Kostya introduces this transcendence as inevitable and out of the influence of currently living humans, in contrast with the views of some other Chekhov characters. Doctor Astrov, in Uncle Vanya, expresses the opposing opinion most strongly, taking personal responsibility for the future of the environment and, by extension, human happiness: “Man is endowed with reason and creative powers . . . I realize that the climate is somewhat in my power, and that if, a thousand years from now, mankind is happy, I shall be responsible for that too, in a small way” (175), Likewise, Vershinin in The Three Sisters, argues that his “dream . . . of the life that will come after us” in “a thousand years – the time doesn’t matter” will arise because humans are “living for it now, working . . . suffering, and creating it” (264). This argument is against Tuzenbach’s assertion that there will be no such transcendent future, regardless of whether modern man works for it or not: “Not only in two or three hundred years, but in a million years, life will be just the same as it always was” (265). The fox-like attributes of Chekhov’s oeuvre are evident in the way his characters’ conflicting opinions contribute to an intertextual argument on a specific strand of philosophy.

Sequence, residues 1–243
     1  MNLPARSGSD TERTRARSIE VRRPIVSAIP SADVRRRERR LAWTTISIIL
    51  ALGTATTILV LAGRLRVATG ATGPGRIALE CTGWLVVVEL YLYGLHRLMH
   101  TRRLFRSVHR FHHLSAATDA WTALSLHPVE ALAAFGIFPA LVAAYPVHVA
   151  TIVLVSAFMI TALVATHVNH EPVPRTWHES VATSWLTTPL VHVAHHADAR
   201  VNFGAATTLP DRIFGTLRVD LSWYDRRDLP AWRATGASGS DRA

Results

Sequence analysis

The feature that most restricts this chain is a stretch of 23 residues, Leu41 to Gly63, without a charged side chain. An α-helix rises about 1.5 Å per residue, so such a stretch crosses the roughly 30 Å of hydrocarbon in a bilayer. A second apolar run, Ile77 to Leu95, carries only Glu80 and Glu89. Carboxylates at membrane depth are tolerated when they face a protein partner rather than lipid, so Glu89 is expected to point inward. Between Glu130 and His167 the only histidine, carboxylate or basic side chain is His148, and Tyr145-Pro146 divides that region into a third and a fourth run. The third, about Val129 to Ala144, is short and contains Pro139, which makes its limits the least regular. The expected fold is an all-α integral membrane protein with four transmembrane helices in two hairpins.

If Chekhov were a hedgehog, his dramas might then guide this argument towards one triumphant vision of human destiny. Instead, the armchair philosophers in The Three Sisters give no finality to the subject, with Vershinin concluding that “in any case, it’s a pity youth is over” and Tuzenbach saying “It’s difficult arguing with you, friends! Well, let it go” (266). Astrov becomes disillusioned with his own argument, telling Elena that is that “there’s nothing to understand, it’s simply uninteresting” (201). And most disappointingly, Kostya’s play is seen only as “decadent ravings” by his audience of family members (102). Chekhov’s great dramas define him as a fox because they not only develop many angles of his philosophical theme, but also present each distinct approach to the subject in the utterly fallible voice of a fictional character. As with many Chekhovian short story characters, the thinkers in these plays find that their lofty opinions count for naught when they cannot be properly communicated to another person. This trend denies the ultimate validity of each fictional viewpoint, such that even if there were consensus between all characters in different plays on the subject of humanity’s common future, it would still be impossible to pinpoint a singular perspective running through Chekhov’s theatrical work.